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The Lesson of the Broken Ankle

Recently I broke my ankle when I fell riding a faulty piece of ... I haven’t broken anything since I was six years old. I broke my left wrist then, and being ... it really didn’t effe

Recently I broke my ankle when I fell riding a faulty piece of equipment. I haven’t broken anything since I was six years old. I broke my left wrist then, and being right-handed, it really didn’t effect my life much. I remember the initial pain, but I don’t remember any inconveniences after that. It was a non-event in the life of a six year old.

I broke my ankle on a trip. One of travel companions asked one of his employees to drive me back to my home town, and when I dropped the gentleman off at the Bus Stop and made my way to my house (I could always drive on the thing), after picking up my cat, I hobbled into the bedroom, flopped down on the bed and began to wonder how on earth I was going to do this. The pain and swelling, if you’ve ever done this, are excruciating.

I live alone. My son lives many miles away. Of course I have friends, but short of having someone move in with me, help was liable to not nearly be enough.

I could drive, but I could not touch the leg to the floor. I had a light cast on it from the ER on the trip, but no crutch. Hmmm.

It was a puzzle and had a high emotional component. I was scared at the prospect of having to be dependent, and also worried about the bills and logistics.

BRING IN THE EMOTIONAL INTELLIGENCE

I teach Emotional Intelligence and yes, I use the skills. I also train and certify Emotional Intelligence coaches, and we always remind one another, “Remember to tell yourself what you would tell a client.”

Good thought! So what would I tell a client? Take a deep breath, calm down, and start thinking.

The first thing I did was look at my strengths. According to the StrengthsFinder Profile, which I use with my clients, two of my top strengths are Intellection and Strategic. Intellection – enjoying thinking would be useful only in application to a plan of action. But voila! Strategic means it comes natural to me to “make a plan.”

I reminded myself that once I get it sorted out, and calm down, I always “know what to do.” We all have different talents, but call me a strategist. Another person might be able to figure out their goal quickly with analytical focus, but not be able to make the plan to get himself or herself there. We’re all different and we all have our own innate talents. We learn others as time goes by, but our innate ones will always be the strongest, best and most reliable.

Now Emotional Intelligence means managing your own emotions (and those of others) so you can think, respond, and not self-sabotage. When you’ve developed yours, you learn to relax into a problem. This allows you to be flexible, cope, think clearly, and use creativity and reasoning to bring about the best income.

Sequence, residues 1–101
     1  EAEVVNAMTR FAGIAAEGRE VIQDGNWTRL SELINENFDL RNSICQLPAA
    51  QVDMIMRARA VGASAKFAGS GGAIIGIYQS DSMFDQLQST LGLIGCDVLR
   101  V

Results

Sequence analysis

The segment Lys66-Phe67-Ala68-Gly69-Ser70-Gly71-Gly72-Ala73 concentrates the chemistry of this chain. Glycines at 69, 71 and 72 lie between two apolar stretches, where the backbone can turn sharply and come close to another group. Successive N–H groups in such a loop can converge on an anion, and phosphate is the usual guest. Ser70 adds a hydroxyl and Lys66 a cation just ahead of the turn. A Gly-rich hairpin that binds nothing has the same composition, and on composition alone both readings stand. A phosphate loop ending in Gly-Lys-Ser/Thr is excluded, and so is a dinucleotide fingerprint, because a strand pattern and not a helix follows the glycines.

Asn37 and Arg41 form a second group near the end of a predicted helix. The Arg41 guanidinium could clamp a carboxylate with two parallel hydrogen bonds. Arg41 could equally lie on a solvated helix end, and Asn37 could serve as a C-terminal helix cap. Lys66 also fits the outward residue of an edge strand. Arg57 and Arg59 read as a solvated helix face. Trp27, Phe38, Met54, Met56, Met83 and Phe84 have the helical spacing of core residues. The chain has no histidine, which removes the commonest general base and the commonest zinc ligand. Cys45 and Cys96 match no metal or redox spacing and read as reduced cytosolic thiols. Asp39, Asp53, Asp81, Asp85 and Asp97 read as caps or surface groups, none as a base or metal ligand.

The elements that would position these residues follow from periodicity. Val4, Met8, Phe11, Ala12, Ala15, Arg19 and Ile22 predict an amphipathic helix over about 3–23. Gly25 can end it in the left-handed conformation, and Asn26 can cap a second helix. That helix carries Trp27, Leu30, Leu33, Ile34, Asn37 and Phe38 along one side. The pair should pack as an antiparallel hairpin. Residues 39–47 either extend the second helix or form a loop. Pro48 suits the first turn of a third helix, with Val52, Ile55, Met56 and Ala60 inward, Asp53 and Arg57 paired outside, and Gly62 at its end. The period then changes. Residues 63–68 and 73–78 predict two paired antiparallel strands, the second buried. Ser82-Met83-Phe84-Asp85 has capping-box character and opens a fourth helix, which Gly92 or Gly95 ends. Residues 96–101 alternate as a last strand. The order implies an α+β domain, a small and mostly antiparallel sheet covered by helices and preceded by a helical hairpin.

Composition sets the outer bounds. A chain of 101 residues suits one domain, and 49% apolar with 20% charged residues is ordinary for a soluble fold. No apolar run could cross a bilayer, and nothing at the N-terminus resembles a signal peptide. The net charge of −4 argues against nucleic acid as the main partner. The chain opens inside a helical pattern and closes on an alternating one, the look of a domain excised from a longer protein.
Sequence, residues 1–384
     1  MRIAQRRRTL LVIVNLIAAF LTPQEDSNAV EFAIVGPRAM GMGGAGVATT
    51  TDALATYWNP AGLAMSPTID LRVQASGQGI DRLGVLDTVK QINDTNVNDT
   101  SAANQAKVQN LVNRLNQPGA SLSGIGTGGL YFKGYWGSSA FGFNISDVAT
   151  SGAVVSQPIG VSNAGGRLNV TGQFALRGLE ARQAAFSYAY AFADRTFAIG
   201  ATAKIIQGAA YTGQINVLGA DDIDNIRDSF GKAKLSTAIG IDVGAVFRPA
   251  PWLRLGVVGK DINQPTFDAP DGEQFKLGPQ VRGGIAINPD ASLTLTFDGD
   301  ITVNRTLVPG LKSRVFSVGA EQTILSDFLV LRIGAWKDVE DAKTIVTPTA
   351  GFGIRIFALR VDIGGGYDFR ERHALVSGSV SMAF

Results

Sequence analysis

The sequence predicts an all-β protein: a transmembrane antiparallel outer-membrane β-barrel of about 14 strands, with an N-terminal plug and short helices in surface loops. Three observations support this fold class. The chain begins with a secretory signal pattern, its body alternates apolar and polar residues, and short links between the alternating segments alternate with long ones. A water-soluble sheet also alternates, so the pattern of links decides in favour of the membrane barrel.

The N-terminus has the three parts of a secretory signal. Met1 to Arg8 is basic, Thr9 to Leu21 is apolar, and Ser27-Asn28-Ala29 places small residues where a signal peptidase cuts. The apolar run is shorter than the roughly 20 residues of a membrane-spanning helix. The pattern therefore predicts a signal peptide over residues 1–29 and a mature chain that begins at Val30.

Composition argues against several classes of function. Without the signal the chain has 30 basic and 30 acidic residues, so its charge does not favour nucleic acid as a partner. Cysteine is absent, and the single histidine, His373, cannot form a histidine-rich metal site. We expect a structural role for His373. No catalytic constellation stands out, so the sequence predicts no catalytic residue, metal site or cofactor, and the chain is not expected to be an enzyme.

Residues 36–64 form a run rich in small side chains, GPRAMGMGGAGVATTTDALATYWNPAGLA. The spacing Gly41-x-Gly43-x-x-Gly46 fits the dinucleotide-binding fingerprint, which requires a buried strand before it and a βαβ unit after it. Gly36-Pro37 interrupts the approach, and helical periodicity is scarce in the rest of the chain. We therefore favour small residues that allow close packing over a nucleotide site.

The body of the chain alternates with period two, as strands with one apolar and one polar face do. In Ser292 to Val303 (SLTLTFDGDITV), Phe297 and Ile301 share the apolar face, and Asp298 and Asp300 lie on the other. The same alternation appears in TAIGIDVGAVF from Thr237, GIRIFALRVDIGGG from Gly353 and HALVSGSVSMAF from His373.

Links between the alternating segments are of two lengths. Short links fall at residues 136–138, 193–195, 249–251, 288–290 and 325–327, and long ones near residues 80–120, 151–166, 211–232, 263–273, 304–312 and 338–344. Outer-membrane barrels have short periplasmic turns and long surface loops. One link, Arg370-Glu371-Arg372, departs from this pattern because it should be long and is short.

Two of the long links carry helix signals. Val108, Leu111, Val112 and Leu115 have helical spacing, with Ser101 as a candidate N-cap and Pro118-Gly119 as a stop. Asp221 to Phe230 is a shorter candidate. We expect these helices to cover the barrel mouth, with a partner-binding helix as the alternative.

Start by remembering that if you’re panicking, worried or angry, you cannot think clearly. The same applies for physical circumstances – too hot, too cold, too tired, too hungry, in too much pain.

You can’t always rely on others to soothe and calm you. One of the best things EQ teaches is how to do what’s called “self-soothe,” so that you can experience the emotion, understand it, and then THINK about how you’re going to respond, rather than reacting like a nematode to a prick.

Then, if it’s a problem you’re facing, check in with your top five strengths. I recommend you take the StrengthsFinder profile, and there is information about it on my website.

You can always go back to these because they are innate. You were born with them and will always have them. They very much define you, and will always be your best course of approaching a program.

Someone else might have the strengths of Relator and Communicator. This individual would have approached the problem differently. They would probably have picked up the phone right away and called a friend to brainstorm, or ask them to come over.

This example is analogous to many things that can happen in life. One day I’m a Biped (walking on two feet), the next day I am not. I cannot get around the way I used to and I have to figure out how to manage around this.

We have extreme and rapid changes like this in our world today. To cope with them we need Emotional Intelligence. We need to become resilient enough to walk one day in one way, and figure out how to walk another way the next day, sometimes with no warning. With EQ, we learn to go back to other things we’ve coped with and draw on what we learnedArticle Search, and also to draw on our strengths and the meta-strength of resilience.

Get proactive and start learning it now. You’ll need it some day.

Source: Free Articles from ArticlesFactory.com

ABOUT THE AUTHOR


©Susan Dunn, MA, The EQ Coach, http://www.susandunn.cc . Coaching, distance learning, and ebooks around emotional intelligence for your continued personal and professional development. I train and certify EQ coaches. Get in this field, dubbed “white hot” by the press, now, before it’s crowded, and offer your clients something of exceptional value. Start tomorrow, no residence requirement. Mailto:sdunn@susandunn.cc for free ezine.



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